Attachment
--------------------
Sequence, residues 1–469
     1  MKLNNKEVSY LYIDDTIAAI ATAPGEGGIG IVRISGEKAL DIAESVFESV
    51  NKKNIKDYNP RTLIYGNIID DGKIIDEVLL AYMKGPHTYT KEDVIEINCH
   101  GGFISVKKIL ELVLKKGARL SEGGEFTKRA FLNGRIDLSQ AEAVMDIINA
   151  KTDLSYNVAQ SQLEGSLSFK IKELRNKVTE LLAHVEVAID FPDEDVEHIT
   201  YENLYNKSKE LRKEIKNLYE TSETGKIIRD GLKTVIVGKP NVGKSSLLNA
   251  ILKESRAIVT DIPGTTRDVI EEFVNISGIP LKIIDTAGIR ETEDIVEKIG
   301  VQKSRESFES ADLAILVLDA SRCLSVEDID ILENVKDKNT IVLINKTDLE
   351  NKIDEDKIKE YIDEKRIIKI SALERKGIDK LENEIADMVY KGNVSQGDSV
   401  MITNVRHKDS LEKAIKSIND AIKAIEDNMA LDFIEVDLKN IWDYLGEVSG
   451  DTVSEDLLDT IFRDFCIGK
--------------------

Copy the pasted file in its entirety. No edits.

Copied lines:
Sequence, residues 1–469
     1  MKLNNKEVSY LYIDDTIAAI ATAPGEGGIG IVRISGEKAL DIAESVFESV
    51  NKKNIKDYNP RTLIYGNIID DGKIIDEVLL AYMKGPHTYT KEDVIEINCH
   101  GGFISVKKIL ELVLKKGARL SEGGEFTKRA FLNGRIDLSQ AEAVMDIINA
   151  KTDLSYNVAQ SQLEGSLSFK IKELRNKVTE LLAHVEVAID FPDEDVEHIT
   201  YENLYNKSKE LRKEIKNLYE TSETGKIIRD GLKTVIVGKP NVGKSSLLNA
   251  ILKESRAIVT DIPGTTRDVI EEFVNISGIP LKIIDTAGIR ETEDIVEKIG
   301  VQKSRESFES ADLAILVLDA SRCLSVEDID ILENVKDKNT IVLINKTDLE
   351  NKIDEDKIKE YIDEKRIIKI SALERKGIDK LENEIADMVY KGNVSQGDSV
   401  MITNVRHKDS LEKAIKSIND AIKAIEDNMA LDFIEVDLKN IWDYLGEVSG
   451  DTVSEDLLDT IFRDFCIGK